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Magnetism in Chemistry. General concepts. There are three principal origins for the magnetic moment of a free atom: The spins of the electrons. Unpaired spins give a paramagnetic contribution. The orbital angular momentum of the electrons about the nucleus also contributing to paramagnetism.

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General concepts

- There are three principal origins for the magnetic moment of a free atom:
- The spins of the electrons. Unpaired spins give a paramagnetic contribution.
- The orbital angular momentum of the electrons about the nucleus also contributing to paramagnetism.
- The change in the orbital moment induced by an applied magnetic field giving rise to a diamagnetic contribution.

- The molar magnetic susceptibility of a sample can be stated as:

- = M/H

M is the molar magnetic moment

H is the macroscopic magnetic field intensity

- In general is the algebraic sum of two contributions associated with different phenomena:
= D + P

D is diamagnetic susceptibility

P is paramagnetic susceptibility

Curie paramagnetism

Energy diagram of an S=1/2 spin in an external magnetic field along the z-axis

E = gmBH, which for g = 2 corresponds to about 1 cm-1 at 10000G

Brillouin Function

- Substituting for P we obtain the Brillouin function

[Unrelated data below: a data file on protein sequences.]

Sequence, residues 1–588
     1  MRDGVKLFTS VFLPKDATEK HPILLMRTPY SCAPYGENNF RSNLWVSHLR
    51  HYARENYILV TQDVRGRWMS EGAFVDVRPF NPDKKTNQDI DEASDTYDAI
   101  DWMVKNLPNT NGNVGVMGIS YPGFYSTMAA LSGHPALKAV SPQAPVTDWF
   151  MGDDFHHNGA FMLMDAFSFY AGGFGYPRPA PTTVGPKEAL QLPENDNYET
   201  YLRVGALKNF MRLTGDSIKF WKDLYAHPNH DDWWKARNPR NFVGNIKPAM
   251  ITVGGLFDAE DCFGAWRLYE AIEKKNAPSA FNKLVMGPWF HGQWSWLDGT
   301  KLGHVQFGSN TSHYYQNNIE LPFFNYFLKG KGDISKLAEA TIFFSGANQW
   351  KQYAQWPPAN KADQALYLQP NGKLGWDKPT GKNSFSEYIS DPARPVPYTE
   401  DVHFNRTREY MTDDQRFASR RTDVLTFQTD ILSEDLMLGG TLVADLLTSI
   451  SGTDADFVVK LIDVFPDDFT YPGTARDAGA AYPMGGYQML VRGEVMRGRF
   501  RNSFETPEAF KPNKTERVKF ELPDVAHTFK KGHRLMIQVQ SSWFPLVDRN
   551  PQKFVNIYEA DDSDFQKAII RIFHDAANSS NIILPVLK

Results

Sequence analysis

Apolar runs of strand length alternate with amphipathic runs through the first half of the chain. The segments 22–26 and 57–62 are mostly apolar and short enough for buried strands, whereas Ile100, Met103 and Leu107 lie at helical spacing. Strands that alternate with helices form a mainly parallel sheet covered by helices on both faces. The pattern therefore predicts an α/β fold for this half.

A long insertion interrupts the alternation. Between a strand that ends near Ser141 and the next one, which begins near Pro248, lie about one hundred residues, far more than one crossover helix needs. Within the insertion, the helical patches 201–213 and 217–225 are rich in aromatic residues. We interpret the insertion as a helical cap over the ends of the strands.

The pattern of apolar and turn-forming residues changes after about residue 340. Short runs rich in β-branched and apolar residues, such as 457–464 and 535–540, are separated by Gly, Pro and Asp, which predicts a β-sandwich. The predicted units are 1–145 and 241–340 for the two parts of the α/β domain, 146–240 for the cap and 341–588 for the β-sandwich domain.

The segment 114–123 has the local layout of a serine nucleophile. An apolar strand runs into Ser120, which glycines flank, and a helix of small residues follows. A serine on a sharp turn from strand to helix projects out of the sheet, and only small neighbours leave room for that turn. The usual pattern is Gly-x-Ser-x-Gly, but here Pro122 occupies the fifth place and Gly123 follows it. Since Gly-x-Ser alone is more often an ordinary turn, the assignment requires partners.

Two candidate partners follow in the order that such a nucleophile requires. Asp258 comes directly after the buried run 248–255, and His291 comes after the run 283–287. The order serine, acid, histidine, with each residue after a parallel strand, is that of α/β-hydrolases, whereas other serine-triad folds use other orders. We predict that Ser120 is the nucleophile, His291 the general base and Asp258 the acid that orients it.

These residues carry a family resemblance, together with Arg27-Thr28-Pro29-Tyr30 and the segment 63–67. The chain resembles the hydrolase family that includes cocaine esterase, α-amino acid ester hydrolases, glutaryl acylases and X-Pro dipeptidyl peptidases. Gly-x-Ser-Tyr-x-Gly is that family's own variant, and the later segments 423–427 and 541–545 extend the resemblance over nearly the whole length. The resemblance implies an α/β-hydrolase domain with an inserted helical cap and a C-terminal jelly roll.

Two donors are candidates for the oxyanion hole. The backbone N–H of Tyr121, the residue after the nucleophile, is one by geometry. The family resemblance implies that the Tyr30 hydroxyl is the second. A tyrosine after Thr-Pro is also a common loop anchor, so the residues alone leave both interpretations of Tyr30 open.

Curie Law

where C = Ng2mB2/(4kB) is the Curie constant

Since the magnetic susceptibility is defined as = M/H

the Curie Law results:

vs. T plot

1/ = T/C gives a straight line of gradient C-1 and intercept zero

T = C gives a straight line parallel to the X-axis at a constant value of T

showing the temperature independence of the magnetic moment.

Curie-Weiss paramagnetism

q is the Weiss constant

Curie-Weiss paramagnetism

Plots obeying the Curie-Weiss law with a negative Weiss constant

Curie-Weiss paramagnetism

Plots obeying the Curie-Weiss law with a positive Weiss constant

Ferromagnetism

J positive with spins parallel below Tc

Antiferromagnetism

- J negative with spins antiparallel below TN

Ferrimagnetism

- J negative with spins of unequal magnitude antiparallel below critical T

Spin Hamiltonian in Cooperative Systems

This describes the coupling between pairs of individual spins, S, on atom i and atom j with J being the magnitude of the coupling

Magnetisation

Knowing how M depends on B through the Brillouin function and assuming that B = 0 we can plot the two sides of the equation as functions of M/T

SUPERPARAMAGNETS

- These are particles which are so small that they define a single magnetic domain.
- Usually nanoparticles with a size distribution
- It is possible to have molecular particles which also display hysteresis – effectively behaving as a Single Molecule Magnet (SMM)

Mn12

Orange atoms are Mn(III) with S = 2, green are Mn(IV) with S = 3/2

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